Back to Issue Twenty-Four.



            We all know that 2017 was a bizarre and stressful year. The number of failings our country has endured are far too long to list. We all felt them as they were happening. We all continue to feel them now. 2017 was a year that sparked depression, triggered memories of past abuses and left me feeling alone and confused, unsure of which thread of reality to follow.

            The sad truth is, 2018 is not new—a false marker for change when nothing has really changed can be problematic.  The chaos continues, and the truth remains warped. I hope I am not alone in asking, how do I not burn out?

            While reading over Issue 24 of the Adroit Journal, my faith in 2018 has been restored. This collection of writing is a true love letter to the year ahead of us. It is a testament to what we should not forget, as well as a rallying cry for how we should move forward. The essence of this issue is my new year’s resolution.

            I keep returning to Ama Codjoe’s poem, “Garden of the Gods”.  Codjoe so simply and accurately states, “These days real life / feels like science fiction and science fiction / can be truer than life.”  In his poem “Mama’s Heart”, Willy Palomo writes, “Our women always flee to save their children / from being slaughtered. Running is in our blood / and our blood has always been running.” These are the voices we need to keep revisiting: the ones that ask us to not look away.

            Michelle Turner primes us for the challenge of lasting change in her poem “1425 Riverside, Apt. B”:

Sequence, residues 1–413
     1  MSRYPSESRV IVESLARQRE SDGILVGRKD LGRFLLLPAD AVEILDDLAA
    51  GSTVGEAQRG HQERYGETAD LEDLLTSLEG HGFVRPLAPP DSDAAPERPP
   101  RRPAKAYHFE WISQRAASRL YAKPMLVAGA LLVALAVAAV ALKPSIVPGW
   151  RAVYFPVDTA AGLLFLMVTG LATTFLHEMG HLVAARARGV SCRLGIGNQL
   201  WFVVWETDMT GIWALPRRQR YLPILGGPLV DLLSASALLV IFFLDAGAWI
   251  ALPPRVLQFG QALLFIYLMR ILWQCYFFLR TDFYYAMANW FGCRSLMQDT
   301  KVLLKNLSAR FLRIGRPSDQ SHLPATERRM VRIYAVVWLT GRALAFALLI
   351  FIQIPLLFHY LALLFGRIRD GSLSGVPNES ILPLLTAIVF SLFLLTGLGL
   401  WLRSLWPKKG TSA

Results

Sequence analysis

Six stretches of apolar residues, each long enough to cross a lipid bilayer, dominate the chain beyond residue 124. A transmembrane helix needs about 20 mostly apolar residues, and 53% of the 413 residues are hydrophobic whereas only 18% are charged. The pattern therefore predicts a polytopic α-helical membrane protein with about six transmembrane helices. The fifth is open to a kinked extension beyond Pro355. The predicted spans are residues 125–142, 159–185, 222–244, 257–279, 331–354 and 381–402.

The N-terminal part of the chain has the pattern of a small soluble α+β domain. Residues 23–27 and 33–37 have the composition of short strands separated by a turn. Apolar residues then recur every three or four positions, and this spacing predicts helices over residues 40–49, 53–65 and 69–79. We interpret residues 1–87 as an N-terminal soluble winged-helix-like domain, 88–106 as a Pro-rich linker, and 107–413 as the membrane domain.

There is nothing
        That can’t be fixed,
        And that is almost true,

        A future in which I share a storm
        With one who sips it slowly.

            I find that this new year comes with a new bargaining, a new balance. What does it mean to march forward while also holding onto ugly realities? What does it mean to have hope without forgetting the reason hope is needed? These writers act as truth tellers and lamp holders. This issue portrays the real emotional temperature of our country right now. I am hopeful for our forthcoming year. I take solace in the fact that these voices move through our world, restoring narratives that, for so long, have gone unheard and been neglected by those who have needed to listen most.


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Meghann Plunkett was the winner of the 2017 Third Coast Poetry Prize. She was also a finalist for North American Review’s 2017 Hearst Poetry Prize, as well as Narrative Magazine's 2016 30 Below Contest. Meghann is currently an MFA candidate at Southern Illinois University, Carbondale, where she was awarded the 2016 & 2017 Academy of American Poets College Prizes. Her poems appear  in or are forthcoming from Narrative Magazine, North American Review, Adroit Journal, The Paris-American, Muzzle Magazine, Winter Tangerine, decomP Magazine, and storySouth, among others.

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